Domestic mutual funds (MFs) have continued to invest in the Indian stock market with their net flows into equities surpassing the ₹1.5-trillion mark for the second consecutive year, reported Business Standard.
The funds injected a net ₹1.53 trillion into equities till March 1, 2023, the capital markets regulator data shows, as compared to ₹1.72 trillion in FY22.
Since FY15, mutual funds have been net buyers of equities, barring in FY21, when they sold a net ₹1.21 trillion. In the nine financial years between FY15 and FY23, they have pumped in a massive ₹6.90 trillion in the Indian equity market, the data shows.
Swarup Mohanty, chief executive officer and director, Mirae Asset Investment Managers (India), believes this optimism is stemming from the strong economic growth in India, which in turn is driving flows into the equity markets.
“Another strong reason for the continued strong flows is the change in behaviour of Indian retail investors, who have been continuously pumping money into MFs via the systematic investment plan (SPI) route over the years. That has changed the structure of the Indian equity market. All this is giving some comfort to the markets on every downside,” Mohanty added.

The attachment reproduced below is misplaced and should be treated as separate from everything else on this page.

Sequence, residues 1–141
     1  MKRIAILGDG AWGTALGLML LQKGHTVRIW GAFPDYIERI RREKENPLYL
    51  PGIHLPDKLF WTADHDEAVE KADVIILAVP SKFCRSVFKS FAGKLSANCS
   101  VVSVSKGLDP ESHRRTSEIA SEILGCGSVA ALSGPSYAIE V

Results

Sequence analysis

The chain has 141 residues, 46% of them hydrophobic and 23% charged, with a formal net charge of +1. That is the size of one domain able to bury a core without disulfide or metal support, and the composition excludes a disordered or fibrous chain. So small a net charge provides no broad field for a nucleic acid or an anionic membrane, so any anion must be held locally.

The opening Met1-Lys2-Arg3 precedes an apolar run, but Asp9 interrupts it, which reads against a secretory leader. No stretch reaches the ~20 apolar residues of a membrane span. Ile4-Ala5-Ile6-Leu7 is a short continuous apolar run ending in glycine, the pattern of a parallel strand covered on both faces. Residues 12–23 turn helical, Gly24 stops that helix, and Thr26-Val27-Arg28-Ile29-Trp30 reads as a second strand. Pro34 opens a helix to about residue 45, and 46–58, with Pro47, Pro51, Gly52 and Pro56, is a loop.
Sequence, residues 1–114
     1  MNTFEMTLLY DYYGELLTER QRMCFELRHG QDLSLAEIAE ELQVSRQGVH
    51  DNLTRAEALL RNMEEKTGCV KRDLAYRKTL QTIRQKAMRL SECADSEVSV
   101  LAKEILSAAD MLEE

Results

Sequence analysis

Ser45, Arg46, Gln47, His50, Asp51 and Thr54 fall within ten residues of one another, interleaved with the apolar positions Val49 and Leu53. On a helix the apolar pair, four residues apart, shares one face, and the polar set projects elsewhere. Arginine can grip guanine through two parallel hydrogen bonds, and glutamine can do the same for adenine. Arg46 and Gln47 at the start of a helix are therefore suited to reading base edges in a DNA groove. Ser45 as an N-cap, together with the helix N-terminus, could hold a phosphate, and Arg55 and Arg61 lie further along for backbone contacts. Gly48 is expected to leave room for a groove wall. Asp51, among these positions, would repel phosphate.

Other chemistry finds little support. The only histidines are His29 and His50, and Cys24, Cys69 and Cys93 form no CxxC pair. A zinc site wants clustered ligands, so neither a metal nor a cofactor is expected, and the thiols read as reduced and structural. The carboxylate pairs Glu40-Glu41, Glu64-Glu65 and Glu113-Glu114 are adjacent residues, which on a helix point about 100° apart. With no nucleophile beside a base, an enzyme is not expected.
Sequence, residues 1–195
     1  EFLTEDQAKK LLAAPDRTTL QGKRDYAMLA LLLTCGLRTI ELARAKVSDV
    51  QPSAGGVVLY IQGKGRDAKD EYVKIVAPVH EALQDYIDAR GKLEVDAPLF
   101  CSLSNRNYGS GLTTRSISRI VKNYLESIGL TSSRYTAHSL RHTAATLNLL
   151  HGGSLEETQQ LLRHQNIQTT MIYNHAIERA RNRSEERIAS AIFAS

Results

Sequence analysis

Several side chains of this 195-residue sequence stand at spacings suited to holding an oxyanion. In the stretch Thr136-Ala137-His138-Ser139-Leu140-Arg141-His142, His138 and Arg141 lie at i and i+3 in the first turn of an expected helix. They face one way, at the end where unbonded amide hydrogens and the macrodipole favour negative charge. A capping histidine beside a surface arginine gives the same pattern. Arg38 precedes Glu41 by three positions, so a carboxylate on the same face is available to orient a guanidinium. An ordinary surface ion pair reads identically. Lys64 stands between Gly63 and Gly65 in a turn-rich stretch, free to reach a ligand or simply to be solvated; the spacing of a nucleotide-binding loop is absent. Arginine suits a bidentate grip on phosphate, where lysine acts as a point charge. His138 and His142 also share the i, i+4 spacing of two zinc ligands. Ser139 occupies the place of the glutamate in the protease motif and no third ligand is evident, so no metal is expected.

Foreign portfolio investors (FPIs), on the other hand, have recorded a net outflow of ₹36,538 crore in the equity segment so far in FY23. This comes after a dismal FY22, when they pulled out ₹1.42 trillion from the Indian equity market, the NSDL data shows.
On a comparative basis, while mutual funds pumped in ₹3.25 trillion in domestic equities in the past two years (since March 2021) despite market volatility, foreign investors have pulled out ₹1.78 trillion during this period.
As regards the foreign flows, analysts at BNP Paribas remain cautious and see the risk of flight of capital from Indian shores to more lucrative destinations continuing in 2023. China’s reopening and an increase in term deposit rates, they said, were likely to impact the flows into Indian equities.
“FII holdings in the Indian market are close to the lowest in a decade. With China reopening and India’s elevated valuation premium, we see a risk of FII outflows continuing in 2023,” said Kunal Vora, head of India equity research at BNP Paribas.